Having recently joined a photography company I am sifting through archives on a daily basis. I have noticed the influx of HDR images.
High-dynamic-range imaging (HDRI or HDR) is a set of techniques used in imaging and photography to reproduce a greater dynamic range of luminosity than possible using standard digital imaging or photographic techniques.
HDR images can represent a greater range of luminance levels found in real-world scenes, from direct sunlight to faint nebula. It is often achieved by capturing and then combining different exposures of the same subject matter.
Below are some typical examples of HDR images:
Personally, i’m not a great fan of this post processing phenomenon. It has an almost comic book like feel, and just looks too fake. There seems to be a lot of debate as to whether HDR photography is a type of art – as it goes beyond re creating something that the eye naturally sees.
We need to bear in mind however, that the images I have used to demonstrate are heavily saturated and take HDR photography to the outer limits. They hardly retain any of the actual image colours, light levels, shadows and highlights.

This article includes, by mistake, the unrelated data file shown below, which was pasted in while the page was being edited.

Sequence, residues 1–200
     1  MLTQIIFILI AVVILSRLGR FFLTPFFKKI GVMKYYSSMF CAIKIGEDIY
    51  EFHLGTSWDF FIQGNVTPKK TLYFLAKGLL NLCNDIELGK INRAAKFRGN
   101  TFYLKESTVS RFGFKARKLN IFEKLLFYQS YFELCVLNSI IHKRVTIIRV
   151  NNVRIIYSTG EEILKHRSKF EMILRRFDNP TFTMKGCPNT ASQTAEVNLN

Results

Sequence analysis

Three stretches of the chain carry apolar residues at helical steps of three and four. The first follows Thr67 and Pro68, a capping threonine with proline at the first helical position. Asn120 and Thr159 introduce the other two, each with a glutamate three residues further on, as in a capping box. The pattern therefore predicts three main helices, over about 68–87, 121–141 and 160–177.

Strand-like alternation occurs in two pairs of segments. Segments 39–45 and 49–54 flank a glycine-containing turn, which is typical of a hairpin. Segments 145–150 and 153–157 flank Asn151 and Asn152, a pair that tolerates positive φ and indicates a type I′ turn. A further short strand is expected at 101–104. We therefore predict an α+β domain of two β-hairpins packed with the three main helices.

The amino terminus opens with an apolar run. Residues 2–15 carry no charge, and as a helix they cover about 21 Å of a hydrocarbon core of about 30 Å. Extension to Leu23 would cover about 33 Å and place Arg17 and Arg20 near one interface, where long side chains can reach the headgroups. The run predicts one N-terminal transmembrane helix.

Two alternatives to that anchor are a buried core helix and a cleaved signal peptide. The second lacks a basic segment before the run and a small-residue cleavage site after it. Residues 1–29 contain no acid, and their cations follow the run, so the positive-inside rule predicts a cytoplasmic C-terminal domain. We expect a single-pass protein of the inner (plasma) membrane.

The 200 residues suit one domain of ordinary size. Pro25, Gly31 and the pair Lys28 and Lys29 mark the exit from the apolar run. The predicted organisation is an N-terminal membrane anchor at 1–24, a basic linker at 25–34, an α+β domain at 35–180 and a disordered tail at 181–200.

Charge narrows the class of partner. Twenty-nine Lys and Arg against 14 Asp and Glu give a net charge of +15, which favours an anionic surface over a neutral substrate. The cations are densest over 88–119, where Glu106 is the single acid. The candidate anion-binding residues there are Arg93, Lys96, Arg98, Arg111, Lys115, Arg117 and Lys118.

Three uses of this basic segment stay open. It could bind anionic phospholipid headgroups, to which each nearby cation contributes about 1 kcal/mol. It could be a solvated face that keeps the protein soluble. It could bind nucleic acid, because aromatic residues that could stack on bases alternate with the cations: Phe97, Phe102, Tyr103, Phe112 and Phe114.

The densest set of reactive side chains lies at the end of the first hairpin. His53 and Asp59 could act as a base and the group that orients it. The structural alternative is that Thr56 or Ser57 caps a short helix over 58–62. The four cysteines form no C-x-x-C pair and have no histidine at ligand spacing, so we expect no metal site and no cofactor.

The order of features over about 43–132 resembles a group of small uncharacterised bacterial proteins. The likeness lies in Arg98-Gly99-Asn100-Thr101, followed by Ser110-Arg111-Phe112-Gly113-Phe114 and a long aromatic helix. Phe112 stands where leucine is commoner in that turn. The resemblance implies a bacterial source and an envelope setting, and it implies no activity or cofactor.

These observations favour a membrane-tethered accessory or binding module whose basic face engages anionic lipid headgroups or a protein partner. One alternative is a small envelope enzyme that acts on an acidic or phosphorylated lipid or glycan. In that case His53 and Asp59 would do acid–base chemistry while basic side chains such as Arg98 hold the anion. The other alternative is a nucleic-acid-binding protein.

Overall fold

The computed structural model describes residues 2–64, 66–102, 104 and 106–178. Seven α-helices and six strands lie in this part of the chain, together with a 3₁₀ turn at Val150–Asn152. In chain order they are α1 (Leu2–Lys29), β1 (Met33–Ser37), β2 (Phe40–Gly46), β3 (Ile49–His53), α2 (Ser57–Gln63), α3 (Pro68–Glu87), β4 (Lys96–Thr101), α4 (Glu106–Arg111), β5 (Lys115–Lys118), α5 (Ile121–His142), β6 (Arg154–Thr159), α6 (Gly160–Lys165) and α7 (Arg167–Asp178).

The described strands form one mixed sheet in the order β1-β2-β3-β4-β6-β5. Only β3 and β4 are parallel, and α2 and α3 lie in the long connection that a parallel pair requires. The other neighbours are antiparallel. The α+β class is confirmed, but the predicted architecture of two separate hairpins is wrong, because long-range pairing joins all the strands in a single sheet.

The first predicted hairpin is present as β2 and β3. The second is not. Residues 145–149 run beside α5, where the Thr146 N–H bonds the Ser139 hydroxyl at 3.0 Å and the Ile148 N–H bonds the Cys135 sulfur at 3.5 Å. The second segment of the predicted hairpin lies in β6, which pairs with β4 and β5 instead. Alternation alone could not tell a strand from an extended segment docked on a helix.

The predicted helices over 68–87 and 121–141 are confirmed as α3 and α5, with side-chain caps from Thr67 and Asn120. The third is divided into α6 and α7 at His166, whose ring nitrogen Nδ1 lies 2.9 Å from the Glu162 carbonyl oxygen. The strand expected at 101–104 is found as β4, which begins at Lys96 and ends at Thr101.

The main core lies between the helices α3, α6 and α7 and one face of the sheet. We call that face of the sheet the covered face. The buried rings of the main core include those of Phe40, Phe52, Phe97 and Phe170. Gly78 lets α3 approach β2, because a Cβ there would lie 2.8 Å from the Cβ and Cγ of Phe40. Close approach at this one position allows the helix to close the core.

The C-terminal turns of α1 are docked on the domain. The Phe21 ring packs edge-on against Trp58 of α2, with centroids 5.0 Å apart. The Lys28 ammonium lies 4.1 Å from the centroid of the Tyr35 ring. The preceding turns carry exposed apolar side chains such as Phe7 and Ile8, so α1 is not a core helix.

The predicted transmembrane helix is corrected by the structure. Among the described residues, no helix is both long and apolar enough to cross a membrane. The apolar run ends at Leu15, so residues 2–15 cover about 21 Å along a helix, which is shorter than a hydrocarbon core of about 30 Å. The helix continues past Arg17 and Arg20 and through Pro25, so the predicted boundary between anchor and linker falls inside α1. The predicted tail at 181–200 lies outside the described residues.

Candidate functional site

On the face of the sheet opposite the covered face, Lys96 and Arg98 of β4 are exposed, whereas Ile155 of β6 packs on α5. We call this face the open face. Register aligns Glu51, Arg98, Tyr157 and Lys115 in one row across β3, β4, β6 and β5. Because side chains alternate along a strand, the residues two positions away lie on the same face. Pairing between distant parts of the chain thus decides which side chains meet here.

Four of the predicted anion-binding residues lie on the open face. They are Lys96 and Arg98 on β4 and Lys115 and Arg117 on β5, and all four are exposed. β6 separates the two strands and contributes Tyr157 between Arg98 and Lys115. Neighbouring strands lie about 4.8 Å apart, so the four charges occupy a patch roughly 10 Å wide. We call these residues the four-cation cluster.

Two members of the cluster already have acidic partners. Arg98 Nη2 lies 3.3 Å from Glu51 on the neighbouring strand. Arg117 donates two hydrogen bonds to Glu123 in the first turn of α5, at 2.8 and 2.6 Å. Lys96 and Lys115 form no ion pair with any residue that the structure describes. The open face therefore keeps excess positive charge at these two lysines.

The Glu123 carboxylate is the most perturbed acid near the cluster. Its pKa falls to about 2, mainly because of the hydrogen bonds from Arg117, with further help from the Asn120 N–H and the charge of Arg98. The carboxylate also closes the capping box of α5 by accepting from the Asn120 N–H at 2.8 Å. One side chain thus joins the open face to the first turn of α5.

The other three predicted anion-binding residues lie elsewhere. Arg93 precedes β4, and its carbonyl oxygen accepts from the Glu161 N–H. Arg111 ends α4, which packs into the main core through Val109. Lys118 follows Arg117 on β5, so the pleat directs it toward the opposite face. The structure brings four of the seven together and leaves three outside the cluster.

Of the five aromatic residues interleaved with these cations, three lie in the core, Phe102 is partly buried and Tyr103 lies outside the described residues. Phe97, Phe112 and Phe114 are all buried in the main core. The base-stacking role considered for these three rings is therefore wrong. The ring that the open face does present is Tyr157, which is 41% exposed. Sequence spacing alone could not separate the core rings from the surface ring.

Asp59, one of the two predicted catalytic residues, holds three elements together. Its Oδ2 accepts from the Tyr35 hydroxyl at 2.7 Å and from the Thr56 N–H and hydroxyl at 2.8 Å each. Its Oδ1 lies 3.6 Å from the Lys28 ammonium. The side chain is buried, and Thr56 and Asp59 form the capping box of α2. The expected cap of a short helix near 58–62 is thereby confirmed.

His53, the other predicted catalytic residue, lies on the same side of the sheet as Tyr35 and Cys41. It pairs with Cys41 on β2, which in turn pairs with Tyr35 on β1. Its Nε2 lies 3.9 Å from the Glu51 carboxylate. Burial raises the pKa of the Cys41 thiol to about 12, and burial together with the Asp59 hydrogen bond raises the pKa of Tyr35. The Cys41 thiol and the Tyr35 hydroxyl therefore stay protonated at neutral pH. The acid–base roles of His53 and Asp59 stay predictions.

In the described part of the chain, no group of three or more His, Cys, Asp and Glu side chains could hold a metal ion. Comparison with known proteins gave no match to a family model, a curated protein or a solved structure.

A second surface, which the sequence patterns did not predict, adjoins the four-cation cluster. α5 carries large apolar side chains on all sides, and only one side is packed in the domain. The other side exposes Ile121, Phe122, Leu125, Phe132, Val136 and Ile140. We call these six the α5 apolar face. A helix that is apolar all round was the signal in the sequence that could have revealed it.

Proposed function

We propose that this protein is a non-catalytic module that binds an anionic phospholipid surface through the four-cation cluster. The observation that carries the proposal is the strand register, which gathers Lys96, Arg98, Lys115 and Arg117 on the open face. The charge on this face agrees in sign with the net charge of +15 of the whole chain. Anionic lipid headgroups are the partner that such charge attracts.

When done subtly i really think HDR can work. These 2 pictures below have captured the subject as you would imagine seeing it with the human eye, only it has been tweaked here and there to create an all round aesthetically pleasing image. It is a great tool for advertising companies.
HDR photography is something that I want to experiment with, especially with city landscapes. I will not be using such levels as shown in the first 3 pictures, but try to find a subtle balance more like the pictures above.
Some DSLRs come with a HDR function (the camera creates this effect for you) but it can be done manually by taking the exact same shot with different exposures.